As the last of the snow melts on the quad and the birds reluctantly return to Brunswick, students are starting to close their eyes and imagine the infamous and quickly-approaching Ivies weekend. Picture it now'65 degree temperatures, all of your friends together in one place, Nalgene in hand?and a downpour of rain.
These poorly-timed April showers, while arguably essential for the growth of May flowers, have almost unfailingly forced the festivities of Ivies indoors during recent years.
Bear AIDS, the outdoor spring concert traditionally held on the Saturday of Ivies weekend, has suffered the most due to bad weather, since while college students can don raingear and continue to celebrate, the electrical equipment required for a concert cannot sustain the moisture of a rainstorm. Although bad weather simply means moving the stage and bands to dryer ground, holding a spring music festival inside Smith Union just doesn't have the same feel.
"It's dangerous to have such a big production dependent on the weather," said Eric Penley '05, a Head Co-Chair of the Campus Activities Board, the student group that organizes Bear AIDS each spring. For this reason, the A-Board has decided to change the traditional lay-out of concerts this semester by scaling down Bear AIDS in exchange for a much larger concert earlier in April.
"The weather can potentially ruin the concert," said Jason Tsoutsouras '07, Co-Chair of the A-Board's 'Concerts and Comedy' committee. With this in mind, the A-Board has shifted the majority of its concert funding from Bear AIDS to a much larger concert to be held this weekend on Saturday, April 9. With the extra funds, the College was able to attract Reel Big Fish, a well-known punk-ska band hailing from Southern California. Without reduction Bear AIDS funding, such a popular band would never have accepted a bid to play at Bowdoin.
"Since most schools have a Spring Fling the same weekend, big bands will choose to perform at other schools that can guarantee a larger audience and more funds," said Fariha Mahmud '06, also a Co-Chair of 'Concerts and Comedy.'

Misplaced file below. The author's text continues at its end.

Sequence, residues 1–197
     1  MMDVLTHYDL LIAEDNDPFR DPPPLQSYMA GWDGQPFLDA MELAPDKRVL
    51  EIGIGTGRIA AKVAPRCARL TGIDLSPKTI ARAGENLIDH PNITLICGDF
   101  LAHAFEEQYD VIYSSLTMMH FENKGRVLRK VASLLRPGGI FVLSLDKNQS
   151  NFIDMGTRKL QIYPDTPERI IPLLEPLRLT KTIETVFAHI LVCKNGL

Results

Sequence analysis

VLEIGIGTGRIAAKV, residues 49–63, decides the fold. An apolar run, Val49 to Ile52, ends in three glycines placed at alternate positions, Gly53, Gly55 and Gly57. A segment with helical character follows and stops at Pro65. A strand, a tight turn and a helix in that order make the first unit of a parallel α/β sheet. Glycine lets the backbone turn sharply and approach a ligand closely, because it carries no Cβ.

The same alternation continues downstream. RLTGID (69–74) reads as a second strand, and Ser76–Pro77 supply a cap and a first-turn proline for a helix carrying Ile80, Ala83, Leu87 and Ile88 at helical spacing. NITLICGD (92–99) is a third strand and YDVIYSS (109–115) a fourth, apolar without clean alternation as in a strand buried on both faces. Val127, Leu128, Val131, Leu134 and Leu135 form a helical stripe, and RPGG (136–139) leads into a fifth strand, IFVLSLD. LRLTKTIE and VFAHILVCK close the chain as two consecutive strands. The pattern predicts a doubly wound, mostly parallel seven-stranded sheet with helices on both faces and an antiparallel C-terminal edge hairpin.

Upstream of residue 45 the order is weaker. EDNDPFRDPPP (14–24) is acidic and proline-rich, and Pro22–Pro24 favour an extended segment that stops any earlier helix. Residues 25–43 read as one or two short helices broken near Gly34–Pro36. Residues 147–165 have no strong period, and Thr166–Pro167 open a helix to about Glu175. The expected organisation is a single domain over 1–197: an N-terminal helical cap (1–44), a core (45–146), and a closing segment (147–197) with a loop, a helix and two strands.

"If your band is going to be playing a spring weekend, why play in Maine?" agreed Penley. "Our location is really not advantageous."
Bowdoin has found it difficult to attract large bands to Brunswick until now, since the college is a smaller venue than most other colleges and far from a decent-sized city. However, by holding the college's large concert a few weeks earlier than other schools, the A-Board was able to secure a much bigger name for a show not dependent on the weather.
For those wary of attending a Bear AIDS without music, have no fear?there will still be live music on the quad for the entire afternoon. In fact, while the college has opted not to attract big-name bands for the Ivies weekend concert, the bands selected will offer a much larger variety of music than in past years. Bands include an Indie Rock group called Phantom Buffalo, the campus band The List Exists, and DJ Daryl McLean '07, a regular attraction at the pub.
The headliner for Bear AIDS is "The Awesome," an 80s cover band out of Portland that plays music by David Bowie, Micheal Jackson, The Clash, and, Duran Duran, to name a few.
"The focal point of the act is definitley lead singer Mike Taylor, whose ability to mimic both 80s classics and cheesy one hit wonders is uncanny," said Tucker Hodgkins '05.
To compensate for changes in Bear AIDS, the Campus Activities Board plans to add new activities to the standard inflatables and slip-n-slide. Members are currently looking into renting a dunking booth for the afternoon.
While the unpredictable weather was a main factor when changing this year's concert schedule, A-Board members were also weary of holding the concert in the name of AIDS research when recently, so little money has been raised through Bear AIDS.
Proceeds from Bear AIDS have traditionally been donated to Merrymeeting AIDS Support Services, with money coming mainly from T-Shirt sales at the event. However, since students rarely carry money with them during Ivies Weekend, if ever, the event usually never raises more than a few hundred dollars for the foundation.
"The amount of money we generally make has been very low," said Mahmud, "so we're debating outlets on other weekends when we could collect."
Tsoutsouras agreed, saying they hope to "collect money on a day when people are more open to listening."
This is not the first time that changes have been made to Ivies weekend. In past years, Bear AIDS started in the late morning, with A-Board members setting up for bands as early as 9:00 a.m. Last year, the board opted for a later starting time, with music beginning in the early afternoon. The change was a success, especially since A-Board members "didn't feel so consumed about keeping people's attention for hours," according to Mahmud.
Until Saturday night's Reel Big Fish show and Bear Aids are complete, A-Board members do not know whether this change will be permanent.
"At the end of this year, we'll reevaluate and choose what path to take for next year," Tsoutsouras said.
"It's my guess that people won't see much of a difference," said Penley. "Bear AIDS is more about the atmosphere than the music."